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JAMA. 2011 Jun 1;305(21):2193-9. doi: 10.1001/jama.2011.726.

Association of operative time of day with outcomes after thoracic organ transplant.

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  • 1Division of Cardiac Surgery, Johns Hopkins Medical Institutions, Baltimore, MD 21287, USA.



Recent emphasis on systems-based approaches to patient safety has led to several studies demonstrating worse outcomes associated with surgery at night.


To evaluate whether operative time of day was associated with thoracic organ transplant outcomes, hypothesizing that it would not be associated with increased morbidity or mortality.


We conducted a retrospective cohort study of adult heart and lung transplant recipients in the United Network for Organ Sharing database from January 2000 through June 2010. Primary stratification was by operative time of day (night, 7 PM-7 AM; day, 7 AM-7 PM).


Primary end points were short-term survival, assessed by the Kaplan-Meier method at 30, 90, and 365 days. Secondary end points encompassed common postoperative complications. Risk-adjusted multivariable Cox proportional hazards regression examined mortality.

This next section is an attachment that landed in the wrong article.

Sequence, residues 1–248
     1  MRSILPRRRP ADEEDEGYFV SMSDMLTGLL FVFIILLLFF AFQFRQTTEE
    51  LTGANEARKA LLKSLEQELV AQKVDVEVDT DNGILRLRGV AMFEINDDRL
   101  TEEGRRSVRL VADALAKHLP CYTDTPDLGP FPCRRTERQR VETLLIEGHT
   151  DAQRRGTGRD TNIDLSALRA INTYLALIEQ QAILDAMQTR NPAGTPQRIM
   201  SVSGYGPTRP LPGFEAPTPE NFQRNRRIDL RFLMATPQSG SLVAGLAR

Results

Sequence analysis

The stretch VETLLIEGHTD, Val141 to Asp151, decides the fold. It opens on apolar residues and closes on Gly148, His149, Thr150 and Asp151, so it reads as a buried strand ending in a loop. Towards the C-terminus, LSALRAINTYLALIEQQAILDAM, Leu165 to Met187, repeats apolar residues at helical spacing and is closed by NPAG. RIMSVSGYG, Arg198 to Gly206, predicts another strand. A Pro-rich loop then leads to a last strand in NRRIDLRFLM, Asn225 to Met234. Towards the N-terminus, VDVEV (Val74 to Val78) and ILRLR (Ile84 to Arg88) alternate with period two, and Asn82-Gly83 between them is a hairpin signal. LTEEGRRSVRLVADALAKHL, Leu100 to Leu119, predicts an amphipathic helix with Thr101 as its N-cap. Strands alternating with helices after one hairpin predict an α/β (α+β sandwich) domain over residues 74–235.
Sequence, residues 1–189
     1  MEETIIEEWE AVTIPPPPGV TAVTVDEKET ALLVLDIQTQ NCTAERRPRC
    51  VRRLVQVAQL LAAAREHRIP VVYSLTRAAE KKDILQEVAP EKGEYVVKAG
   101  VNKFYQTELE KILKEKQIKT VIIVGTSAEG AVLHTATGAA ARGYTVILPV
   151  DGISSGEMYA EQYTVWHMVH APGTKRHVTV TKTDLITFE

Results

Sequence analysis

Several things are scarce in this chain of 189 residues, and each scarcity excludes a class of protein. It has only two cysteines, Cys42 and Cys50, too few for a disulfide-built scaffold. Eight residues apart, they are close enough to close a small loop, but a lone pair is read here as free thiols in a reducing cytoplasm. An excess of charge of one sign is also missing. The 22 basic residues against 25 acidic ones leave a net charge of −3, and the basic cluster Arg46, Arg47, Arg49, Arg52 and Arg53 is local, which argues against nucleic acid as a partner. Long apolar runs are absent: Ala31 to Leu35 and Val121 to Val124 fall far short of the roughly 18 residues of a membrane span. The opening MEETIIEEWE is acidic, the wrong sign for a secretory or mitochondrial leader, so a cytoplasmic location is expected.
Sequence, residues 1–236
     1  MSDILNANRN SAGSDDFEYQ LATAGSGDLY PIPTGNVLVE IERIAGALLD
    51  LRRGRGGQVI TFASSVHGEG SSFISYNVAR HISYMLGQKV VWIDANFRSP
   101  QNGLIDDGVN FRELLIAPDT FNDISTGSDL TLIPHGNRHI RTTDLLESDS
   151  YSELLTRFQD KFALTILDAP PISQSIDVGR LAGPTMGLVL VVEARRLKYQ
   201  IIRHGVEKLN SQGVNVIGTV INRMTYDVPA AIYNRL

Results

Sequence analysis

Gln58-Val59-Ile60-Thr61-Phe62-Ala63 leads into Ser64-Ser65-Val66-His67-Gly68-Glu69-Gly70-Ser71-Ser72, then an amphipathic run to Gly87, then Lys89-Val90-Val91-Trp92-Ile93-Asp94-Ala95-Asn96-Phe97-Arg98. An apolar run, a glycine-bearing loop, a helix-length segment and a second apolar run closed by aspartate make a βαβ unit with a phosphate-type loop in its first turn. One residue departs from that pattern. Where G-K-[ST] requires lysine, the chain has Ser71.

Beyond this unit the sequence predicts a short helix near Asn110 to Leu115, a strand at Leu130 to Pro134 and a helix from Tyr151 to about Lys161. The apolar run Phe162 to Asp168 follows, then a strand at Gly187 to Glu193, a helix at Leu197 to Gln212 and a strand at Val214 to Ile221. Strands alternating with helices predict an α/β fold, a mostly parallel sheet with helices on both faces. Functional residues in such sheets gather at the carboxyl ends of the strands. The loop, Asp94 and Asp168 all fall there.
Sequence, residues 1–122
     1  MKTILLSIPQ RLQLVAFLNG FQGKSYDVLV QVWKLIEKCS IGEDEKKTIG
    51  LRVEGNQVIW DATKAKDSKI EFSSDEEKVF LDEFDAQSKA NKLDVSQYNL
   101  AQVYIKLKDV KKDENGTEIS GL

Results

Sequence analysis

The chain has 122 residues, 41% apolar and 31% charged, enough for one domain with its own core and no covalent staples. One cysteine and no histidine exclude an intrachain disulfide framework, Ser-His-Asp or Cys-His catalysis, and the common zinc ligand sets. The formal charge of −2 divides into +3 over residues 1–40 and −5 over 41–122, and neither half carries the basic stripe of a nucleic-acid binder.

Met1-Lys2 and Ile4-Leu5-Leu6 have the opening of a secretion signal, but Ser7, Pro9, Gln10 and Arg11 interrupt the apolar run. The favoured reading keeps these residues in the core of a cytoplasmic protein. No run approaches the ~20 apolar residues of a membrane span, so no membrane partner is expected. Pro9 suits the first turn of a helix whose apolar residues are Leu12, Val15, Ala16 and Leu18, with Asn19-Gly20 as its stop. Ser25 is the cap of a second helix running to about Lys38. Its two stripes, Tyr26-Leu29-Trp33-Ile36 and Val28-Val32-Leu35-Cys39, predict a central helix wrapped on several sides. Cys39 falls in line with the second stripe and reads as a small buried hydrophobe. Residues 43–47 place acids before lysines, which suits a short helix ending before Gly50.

A total of 27,118 patients were included in the study population. Of the 16,573 who underwent a heart transplant, 8346 (50.36%) did so during the day and 8227 (49.64%) during the night. Of the 10,545 who underwent a lung transplant, 5179 (49.11%) did so during the day and 5366 (50.89%) during the night. During a median follow-up of 32.2 months (interquartile range, 11.2-61.1 months), 8061 patients (28.99%) died. Survival was similar for organ transplants performed during the day and night. Survival rates at 30 days for heart transplants during the day were 95.0% vs 95.2% during the night (hazard ratio [HR], 1.05; 95% confidence interval, 0.83-1.32; P = .67) and for lung transplants during the day were 96.0% vs 95.5% during the night (HR, 1.22; 95% CI, 0.97-1.55; P = .09). At 90 days, survival rates for heart transplants were 92.6% during the day vs 92.7% during the night (HR, 1.05; 95% CI, 0.88-1.26; P = .59) and for lung transplants during the day were 92.7% vs 91.7% during the night (HR, 1.23; 95% CI, 1.04-1.47; P = .02). At 1 year, survival rates for heart transplants during the day were 88.0% vs 87.7% during the night (HR, 1.05; 95% CI, 0.91-1.21; P = .47) and for lung transplants during the day were 83.8% vs 82.6% during the night (HR, 1.08; 95% CI, 0.96-1.22; P = .19). Among lung transplant recipients, there was a slightly higher rate of airway dehiscence associated with nighttime transplants (57 of 5022 [1.1%] vs 87 of 5224 [1.7%], P = .02).


Among patients who underwent thoracic organ transplants, there was no significant association between operative time of day and survival up to 1 year after organ transplant.

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